Employment security, retirement rank in top three personal concerns across all regions surveyed; Ability to afford retirement was top concern for U.S. respondents
Despite stubbornly high unemployment, with recent reports of job gains showing a modest decline in the U.S. unemployment rate, human resource (HR) professionals around the globe have continued concerns about attracting and retaining top talent. This talent paradox, combined with dynamics of four distinct generations in the global workforce, points to the need for more effective and adaptable talent strategies and rewards programs.
The 2013 “Top Five Global Employer Rewards Priorities Survey” from Deloitte, the International Society of Certified Employee Benefit Specialists (ISCEBS), and the International Foundation of Employee Benefit Plans reveals that HR leaders across the globe are acutely focused on talent as the top challenge and priority over the next three years. Approximately one in four respondents from all geographies surveyed, including the Americas (24 percent), EMEA (28 percent) and Asia-Pacific (24 percent) cited finding, motivating and keeping talent as their top priority.
“Given all of the sharply different economic, political and geographic challenges in the regions we surveyed, we found real parallels in terms of what is weighing heavily on employers,” said David Lusk, principal, Deloitte Consulting LLP and co-author of the report. “Attracting and retaining top talent is a universal theme.”
Top five priorities
“The Top Five Global Employer Rewards Priorities Survey” series is an annual barometer of talent and rewards management challenges. Conducted globally for the first time this year, 27 different countries ranked the top five priorities for 2013:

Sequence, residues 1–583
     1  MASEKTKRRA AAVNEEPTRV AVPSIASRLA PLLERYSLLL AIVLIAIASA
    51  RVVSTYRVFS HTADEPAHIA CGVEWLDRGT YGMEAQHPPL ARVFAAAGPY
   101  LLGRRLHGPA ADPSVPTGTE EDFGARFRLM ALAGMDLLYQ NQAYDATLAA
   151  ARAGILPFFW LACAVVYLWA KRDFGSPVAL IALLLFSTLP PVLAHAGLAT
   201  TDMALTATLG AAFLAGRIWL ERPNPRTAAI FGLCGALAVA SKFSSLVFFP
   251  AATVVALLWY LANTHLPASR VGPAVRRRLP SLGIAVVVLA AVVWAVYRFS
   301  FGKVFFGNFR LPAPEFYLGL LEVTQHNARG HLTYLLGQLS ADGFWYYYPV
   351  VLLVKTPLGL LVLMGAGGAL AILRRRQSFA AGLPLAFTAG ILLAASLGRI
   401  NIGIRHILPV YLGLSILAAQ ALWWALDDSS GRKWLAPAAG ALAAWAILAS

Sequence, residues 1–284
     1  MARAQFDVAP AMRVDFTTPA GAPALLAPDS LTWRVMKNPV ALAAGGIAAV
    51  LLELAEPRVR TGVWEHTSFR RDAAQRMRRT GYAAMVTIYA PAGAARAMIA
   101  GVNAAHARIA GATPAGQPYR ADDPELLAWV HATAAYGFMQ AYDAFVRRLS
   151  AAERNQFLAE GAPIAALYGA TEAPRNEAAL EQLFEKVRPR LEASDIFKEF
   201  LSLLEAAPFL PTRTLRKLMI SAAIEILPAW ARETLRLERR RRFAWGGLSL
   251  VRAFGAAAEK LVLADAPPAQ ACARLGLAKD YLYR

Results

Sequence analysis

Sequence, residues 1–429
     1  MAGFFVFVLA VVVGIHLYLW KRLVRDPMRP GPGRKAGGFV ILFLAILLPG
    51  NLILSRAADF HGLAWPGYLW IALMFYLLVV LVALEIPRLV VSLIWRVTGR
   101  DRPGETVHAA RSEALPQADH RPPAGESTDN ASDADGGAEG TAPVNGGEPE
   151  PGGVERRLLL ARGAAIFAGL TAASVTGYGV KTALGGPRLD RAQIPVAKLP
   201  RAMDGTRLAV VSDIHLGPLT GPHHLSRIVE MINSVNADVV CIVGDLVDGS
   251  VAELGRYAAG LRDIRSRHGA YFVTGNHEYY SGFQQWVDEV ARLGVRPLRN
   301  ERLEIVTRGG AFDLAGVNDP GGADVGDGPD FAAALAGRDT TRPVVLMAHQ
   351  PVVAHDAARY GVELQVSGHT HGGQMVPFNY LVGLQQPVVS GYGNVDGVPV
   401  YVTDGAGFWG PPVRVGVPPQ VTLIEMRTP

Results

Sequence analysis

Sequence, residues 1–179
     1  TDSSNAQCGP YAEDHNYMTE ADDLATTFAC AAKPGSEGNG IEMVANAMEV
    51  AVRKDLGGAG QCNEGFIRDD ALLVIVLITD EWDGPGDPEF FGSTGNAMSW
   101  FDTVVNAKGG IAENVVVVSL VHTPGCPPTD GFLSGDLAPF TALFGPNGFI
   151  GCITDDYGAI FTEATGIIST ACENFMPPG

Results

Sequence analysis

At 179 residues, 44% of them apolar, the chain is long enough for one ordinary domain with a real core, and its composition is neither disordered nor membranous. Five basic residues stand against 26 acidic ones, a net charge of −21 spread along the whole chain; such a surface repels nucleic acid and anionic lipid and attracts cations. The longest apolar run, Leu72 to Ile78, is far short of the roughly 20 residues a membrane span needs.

- The ability of reward programs to attract, motivate, and retain employees
- Clear alignment of Total Rewards strategy with business strategy and brand
- Motivating staff when pay increases are flat or non-existent
- The cost of providing benefits to employees
- Demonstrating appropriate return on investment for reward expenditures
Retirement security: A 21st century retention strategy?
From a personal employee perspective, retirement continues to be top of mind. Two-thirds (66 percent) of U.S. respondents ranked their ability to afford retirement as their top concern. This issue is so deeply felt that more than one in three U.S. employees (34 percent) plan on delaying their retirement age. This is in contrast to other regions, including EMEA where a triple dip recession looms. There, 16 percent of employees say they plan on delaying retirement, and similarly in Asia, 17 percent indicate plans to delay retirement as well.
“Calibrating talent and rewards strategies to meet generational expectations of extended employment is a step many employers and national governments should consider taking,” said Scott Cole, senior manager, Deloitte Consulting, LLP and co-author of the report. “This can also be an astute retention strategy, particularly as employees across all regions indicate they will consider leaving their current employer for another that provides better benefits or more stability.”
Skills gap paradox and employee consumerism
In an era of limited economic growth compressing job opportunities, it would seem that there should be enough talent to go around, but the reality couldn’t be more different.
“As boomers retire, many companies face a conundrum for how to fill jobs quickly. Their hiring strategies may need to go beyond simply preparing to fill the positions with a stockpile of resumes,” added Lusk. “Leading employers understand that their employees have choices. Their ability to quickly fill roles, particularly those requiring highly-skilled talent, often depends on having world-class Total Rewards programs with benefits that outpace the competition in addition to offering training, leadership and mentoring programs and other non-traditional forms of rewards and recognition.”
Generational considerations: Rewards tailored to career stages